- The intentions of the parties when placing the property in joint tenancy;
- The length of the marriage; and
- Any other factors the court deems to be relevant in making a just and equitable division of the property.
Separate property is the property of each spouse that was acquired before or after the marriage. Separate property is also designated as property acquired during the marriage by gift, inheritance, or the profit or rent gained from any such separate property. Personal injury awards can also be separate property. A personal injury award for pain and suffering is considered separate property, however, a personal injury award to cover property damage or loss of wages will be considered community property.
Separate property can become community property if the separate property is commingled with the community property. For example, if one spouse inherits money and deposits the inheritance into the couple’s joint bank account, which is used by both parties to pay household expenses and for day-to-day expenses then the court may determine that the inheritance is indistinguishable from the community property. Once separate property has been determined to be commingled then the property becomes community property through a process known as transmutation. The party claiming an asset as separate has the burden of proving that the asset is separate property.
Debts and Liabilities
The court must also divide among the parties the debts and liabilities accumulated during the marriage. Debts and liabilities, as with property, will first be divided into community debt, separate debt, and joint debt. The court will decide this by determining:
- When it was acquired;
- Who acquired it; and
- How it was used.
Property Value Assessment
Once the property is divided into community property and separate property then each piece of property must have a value placed on it before distribution can take place. Monetary assets such as cash can be easily divided, however, the family home, cars, and the parties’ tangible personal property cannot be simply cut in half and distributed. If the parties cannot agree on the value of each piece of property then the property will be appraised to determine the fair market value of the property. The fair market value of the home, vehicle, or personal item will be used when the court makes the distribution.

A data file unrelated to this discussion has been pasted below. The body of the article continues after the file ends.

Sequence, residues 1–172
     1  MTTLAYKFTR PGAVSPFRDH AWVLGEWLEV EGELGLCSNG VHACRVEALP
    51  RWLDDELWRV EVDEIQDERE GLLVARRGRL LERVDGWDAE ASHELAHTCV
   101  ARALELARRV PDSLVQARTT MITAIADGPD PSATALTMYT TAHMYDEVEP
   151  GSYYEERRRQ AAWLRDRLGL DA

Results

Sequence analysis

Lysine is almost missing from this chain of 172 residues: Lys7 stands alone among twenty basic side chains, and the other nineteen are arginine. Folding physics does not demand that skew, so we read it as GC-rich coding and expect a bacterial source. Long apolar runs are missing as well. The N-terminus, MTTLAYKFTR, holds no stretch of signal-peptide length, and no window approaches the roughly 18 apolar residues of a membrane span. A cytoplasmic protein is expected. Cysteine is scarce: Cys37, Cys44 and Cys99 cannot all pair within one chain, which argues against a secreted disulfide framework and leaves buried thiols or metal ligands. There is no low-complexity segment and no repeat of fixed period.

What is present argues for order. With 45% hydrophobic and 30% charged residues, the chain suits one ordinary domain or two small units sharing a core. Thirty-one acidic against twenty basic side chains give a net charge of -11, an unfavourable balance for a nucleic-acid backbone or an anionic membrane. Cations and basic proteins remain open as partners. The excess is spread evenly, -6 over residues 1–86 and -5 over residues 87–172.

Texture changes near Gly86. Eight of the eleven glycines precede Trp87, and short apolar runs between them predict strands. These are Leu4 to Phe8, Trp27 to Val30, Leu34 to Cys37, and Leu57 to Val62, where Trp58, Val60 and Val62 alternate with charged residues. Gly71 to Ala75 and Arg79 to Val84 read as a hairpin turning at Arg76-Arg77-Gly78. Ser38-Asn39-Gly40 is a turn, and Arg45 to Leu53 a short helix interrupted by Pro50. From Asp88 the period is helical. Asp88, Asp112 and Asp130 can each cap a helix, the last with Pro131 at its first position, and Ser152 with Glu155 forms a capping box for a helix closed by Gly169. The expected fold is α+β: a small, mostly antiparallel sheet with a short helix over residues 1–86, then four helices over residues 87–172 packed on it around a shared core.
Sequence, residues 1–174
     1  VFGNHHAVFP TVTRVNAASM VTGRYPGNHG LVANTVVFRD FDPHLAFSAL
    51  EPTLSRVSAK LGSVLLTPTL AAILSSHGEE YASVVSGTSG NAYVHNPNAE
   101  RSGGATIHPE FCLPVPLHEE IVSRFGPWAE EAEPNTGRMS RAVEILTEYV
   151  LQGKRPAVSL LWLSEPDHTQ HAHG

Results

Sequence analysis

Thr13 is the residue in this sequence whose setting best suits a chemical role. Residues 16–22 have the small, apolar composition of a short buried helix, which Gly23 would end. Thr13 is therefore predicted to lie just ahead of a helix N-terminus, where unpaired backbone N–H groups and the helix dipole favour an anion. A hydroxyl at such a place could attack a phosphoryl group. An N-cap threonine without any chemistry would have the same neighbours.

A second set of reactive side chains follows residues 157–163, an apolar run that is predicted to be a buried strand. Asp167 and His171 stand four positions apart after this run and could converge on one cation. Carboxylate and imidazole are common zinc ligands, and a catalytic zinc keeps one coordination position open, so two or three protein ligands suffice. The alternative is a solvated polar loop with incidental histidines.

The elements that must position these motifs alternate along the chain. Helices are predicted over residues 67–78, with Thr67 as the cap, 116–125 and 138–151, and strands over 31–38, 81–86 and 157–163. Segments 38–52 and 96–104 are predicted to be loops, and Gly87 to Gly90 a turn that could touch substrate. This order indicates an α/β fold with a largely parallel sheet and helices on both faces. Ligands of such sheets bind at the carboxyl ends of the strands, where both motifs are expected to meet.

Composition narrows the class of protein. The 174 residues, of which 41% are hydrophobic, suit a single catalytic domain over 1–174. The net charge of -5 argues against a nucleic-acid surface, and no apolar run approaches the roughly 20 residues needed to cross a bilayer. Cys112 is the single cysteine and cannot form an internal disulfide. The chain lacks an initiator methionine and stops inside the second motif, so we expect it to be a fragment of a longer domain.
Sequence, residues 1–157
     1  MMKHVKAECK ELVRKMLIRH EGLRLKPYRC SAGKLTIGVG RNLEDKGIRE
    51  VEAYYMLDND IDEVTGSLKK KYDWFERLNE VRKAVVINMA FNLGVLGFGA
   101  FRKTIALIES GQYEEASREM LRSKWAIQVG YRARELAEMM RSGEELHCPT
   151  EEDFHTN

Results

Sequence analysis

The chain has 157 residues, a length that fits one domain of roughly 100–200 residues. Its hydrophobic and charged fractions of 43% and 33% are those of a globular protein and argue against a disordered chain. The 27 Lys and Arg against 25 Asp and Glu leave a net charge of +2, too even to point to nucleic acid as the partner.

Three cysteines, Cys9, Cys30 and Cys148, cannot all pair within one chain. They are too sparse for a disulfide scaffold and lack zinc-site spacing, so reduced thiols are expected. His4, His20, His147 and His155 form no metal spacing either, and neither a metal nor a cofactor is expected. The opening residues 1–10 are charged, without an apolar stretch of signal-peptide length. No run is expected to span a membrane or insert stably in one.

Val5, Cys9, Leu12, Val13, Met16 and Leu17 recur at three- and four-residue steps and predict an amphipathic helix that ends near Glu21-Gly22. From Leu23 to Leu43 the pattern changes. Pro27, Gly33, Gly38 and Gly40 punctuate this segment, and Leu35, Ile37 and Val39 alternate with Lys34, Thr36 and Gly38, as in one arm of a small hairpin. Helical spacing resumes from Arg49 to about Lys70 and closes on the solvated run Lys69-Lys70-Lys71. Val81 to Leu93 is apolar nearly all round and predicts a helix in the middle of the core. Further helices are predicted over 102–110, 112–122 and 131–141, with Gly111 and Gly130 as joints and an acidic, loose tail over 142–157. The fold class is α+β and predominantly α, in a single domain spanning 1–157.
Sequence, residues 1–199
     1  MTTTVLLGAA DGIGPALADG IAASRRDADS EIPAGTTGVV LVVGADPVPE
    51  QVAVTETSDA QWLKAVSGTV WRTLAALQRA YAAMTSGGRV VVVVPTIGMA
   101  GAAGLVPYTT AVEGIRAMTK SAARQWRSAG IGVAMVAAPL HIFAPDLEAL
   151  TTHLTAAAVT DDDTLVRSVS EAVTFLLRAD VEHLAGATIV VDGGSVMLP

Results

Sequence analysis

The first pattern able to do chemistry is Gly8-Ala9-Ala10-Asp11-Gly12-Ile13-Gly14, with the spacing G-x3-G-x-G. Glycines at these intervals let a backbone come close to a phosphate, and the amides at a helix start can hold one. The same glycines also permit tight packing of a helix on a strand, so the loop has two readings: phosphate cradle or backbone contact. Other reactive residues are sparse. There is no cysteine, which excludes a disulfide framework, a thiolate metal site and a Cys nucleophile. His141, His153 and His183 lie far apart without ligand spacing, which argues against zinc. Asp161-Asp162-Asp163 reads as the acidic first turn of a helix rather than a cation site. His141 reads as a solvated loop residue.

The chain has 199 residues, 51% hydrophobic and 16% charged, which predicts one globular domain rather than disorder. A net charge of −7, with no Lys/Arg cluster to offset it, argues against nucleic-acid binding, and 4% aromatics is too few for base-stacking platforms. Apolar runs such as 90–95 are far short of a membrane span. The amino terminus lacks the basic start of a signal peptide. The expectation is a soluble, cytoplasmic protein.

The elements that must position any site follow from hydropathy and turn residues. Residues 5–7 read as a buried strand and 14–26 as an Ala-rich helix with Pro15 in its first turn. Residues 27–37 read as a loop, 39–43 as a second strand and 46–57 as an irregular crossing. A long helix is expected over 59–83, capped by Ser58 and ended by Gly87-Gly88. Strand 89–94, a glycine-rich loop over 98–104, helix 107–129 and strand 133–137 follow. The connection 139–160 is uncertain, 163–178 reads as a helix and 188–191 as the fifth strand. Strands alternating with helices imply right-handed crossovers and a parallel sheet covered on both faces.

After the property is divided into community and separate property and the value of the property has been determined the court will distribute the property among the parties. The court may also take alimony and child support into consideration when making property determinations.
The Finish Line
Once a settlement agreement is reached or the court has determined the “Who gets what?” question it is important to take the necessary steps to properly transfer all the property. Finally, each party must get the other party to sign any deeds, stock transfers, or other forms to transfer the property into the appropriate parties’ name. Also, each party must make any necessary payments to the other party and refinance any property if necessary.
Dividing property during a divorce can be a daunting task, but a necessary one. Getting through this step means moving one step closer to a new chapter.
Educate Yourself with Our Guide to Nevada Divorce
Divorce is a serious decision, and we understand how stressful and uncertain the time leading up to your divorce can be. That’s why we’ve provided free answers to your most pressing Nevada divorce questions in “A Guide to Nevada Divorce”.